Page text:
Tagged brother Evan, Clock error, Columbus Blue Jackets, Dean Lombardi, ESPN, Game clock, Kings, Kings clock error, Kings clock explanation, Kings goal shouldn't have counted, Kings last second goal, Lombardi, Los Angeles, National Hockey League, NHL, should Kings goal have counted, why did the clock stop Kings game, Wikipedia
A few months ago, my buddy Jeff and I did some research for ESPN the Magazine on paying college athletes. We ignored all the institutional issues and got right to the accounting: considering costs and revenues, how much profit is each player worth to his team?
We focused on the University of Florida and found that top college football players are worth millions of dollars, while basketball players are worth a couple hundred thousand. Check out the details on the Sloan Sports Analytics Conference blog or in my previous post.
Posted in College Sports, Financial Analysis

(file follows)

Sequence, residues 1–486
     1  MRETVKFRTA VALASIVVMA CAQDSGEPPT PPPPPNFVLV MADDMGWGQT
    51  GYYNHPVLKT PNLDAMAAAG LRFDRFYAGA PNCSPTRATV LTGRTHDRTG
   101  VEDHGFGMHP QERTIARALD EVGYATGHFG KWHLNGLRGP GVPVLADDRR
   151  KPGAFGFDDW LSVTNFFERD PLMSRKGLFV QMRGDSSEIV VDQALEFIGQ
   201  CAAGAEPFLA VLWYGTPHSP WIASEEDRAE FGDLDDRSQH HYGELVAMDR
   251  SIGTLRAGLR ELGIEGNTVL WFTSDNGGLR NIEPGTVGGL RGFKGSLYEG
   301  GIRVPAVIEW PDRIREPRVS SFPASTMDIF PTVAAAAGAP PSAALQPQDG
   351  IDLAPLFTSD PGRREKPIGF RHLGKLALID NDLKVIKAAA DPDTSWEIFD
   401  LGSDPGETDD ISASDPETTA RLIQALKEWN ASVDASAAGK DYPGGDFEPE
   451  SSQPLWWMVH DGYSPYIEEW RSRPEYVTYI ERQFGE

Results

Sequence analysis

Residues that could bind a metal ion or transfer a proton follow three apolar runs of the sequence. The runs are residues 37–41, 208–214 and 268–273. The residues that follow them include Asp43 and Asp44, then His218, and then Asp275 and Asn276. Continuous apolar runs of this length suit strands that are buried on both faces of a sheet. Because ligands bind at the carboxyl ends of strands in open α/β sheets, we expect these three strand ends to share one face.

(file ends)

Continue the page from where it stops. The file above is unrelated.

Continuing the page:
Tagged American, blog, College and University, college football, ESPN, ESPN The Magazine, Fair market value college athletes, football, how much should college athletes be paid, should college athletes be paid, Sloan Sports Analytics Conference, Sports, University of Florida
David Schoenfield put up a fairly useless blog post about the Tigers signing Prince Fielder yesterday. It just became even more useless, as ESPN confirmed that Cabrera will shift to third base to accommodate Fielder (Schoenfield said this would never happen). I knew about this way before ESPN, thanks to Brother Evan passing along a local news link.
The real issue with Schoenfield’s post Continue reading
Posted in Baseball, Financial Analysis, Trades/Free Agency
Tagged Albert Pujols, baseball, brother Evan, Cabrera moving to third, Cabrera too fat to play third, Cabrera will play third, David Schoenfield, Detroit Tigers, ESPN, Fielder, Fielder contract too big, Fielder contract too long, Fielder signing, Los Angeles Angels, Martinez, Miguel Cabrera, Mike Ilitch dumb, MLB, Prince Fielder, Prince Fielder bad contract, Prince Fielder contract worth it, Prince Fielder too much money, Tiger, Victor Martinez, Victor Martinez ACL, Victor Martinez injury, Victor Martinez out for the year, World Series